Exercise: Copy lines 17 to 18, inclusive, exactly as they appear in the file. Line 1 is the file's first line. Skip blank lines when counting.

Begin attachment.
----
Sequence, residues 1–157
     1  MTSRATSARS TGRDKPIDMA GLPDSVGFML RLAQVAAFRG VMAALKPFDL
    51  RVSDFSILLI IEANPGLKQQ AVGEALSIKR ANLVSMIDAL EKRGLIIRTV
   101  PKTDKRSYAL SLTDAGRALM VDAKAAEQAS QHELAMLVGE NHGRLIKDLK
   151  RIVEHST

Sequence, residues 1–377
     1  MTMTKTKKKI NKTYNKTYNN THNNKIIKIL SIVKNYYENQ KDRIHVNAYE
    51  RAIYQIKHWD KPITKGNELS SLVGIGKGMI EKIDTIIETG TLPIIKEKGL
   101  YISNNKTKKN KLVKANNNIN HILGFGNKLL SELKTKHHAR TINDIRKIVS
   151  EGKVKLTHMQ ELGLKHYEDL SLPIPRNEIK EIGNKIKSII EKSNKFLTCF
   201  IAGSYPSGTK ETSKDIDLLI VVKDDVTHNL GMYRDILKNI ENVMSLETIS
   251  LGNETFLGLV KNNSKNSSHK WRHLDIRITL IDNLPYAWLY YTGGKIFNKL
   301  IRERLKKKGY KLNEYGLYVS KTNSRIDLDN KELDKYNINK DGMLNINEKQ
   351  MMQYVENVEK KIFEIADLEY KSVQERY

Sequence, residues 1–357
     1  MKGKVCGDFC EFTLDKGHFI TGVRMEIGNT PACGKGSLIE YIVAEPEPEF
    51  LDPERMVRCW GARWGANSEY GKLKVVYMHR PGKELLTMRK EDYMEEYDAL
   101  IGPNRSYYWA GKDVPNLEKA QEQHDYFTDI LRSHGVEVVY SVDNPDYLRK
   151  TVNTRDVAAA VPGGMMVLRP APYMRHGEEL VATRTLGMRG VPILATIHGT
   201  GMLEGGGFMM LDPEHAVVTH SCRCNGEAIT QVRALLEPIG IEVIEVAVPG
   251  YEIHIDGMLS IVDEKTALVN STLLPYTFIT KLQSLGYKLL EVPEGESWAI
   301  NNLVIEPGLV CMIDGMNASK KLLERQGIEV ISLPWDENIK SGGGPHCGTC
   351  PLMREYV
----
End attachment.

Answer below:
    51  LDPERMVRCW GARWGANSEY GKLKVVYMHR PGKELLTMRK EDYMEEYDAL
   101  IGPNRSYYWA GKDVPNLEKA QEQHDYFTDI LRSHGVEVVY SVDNPDYLRK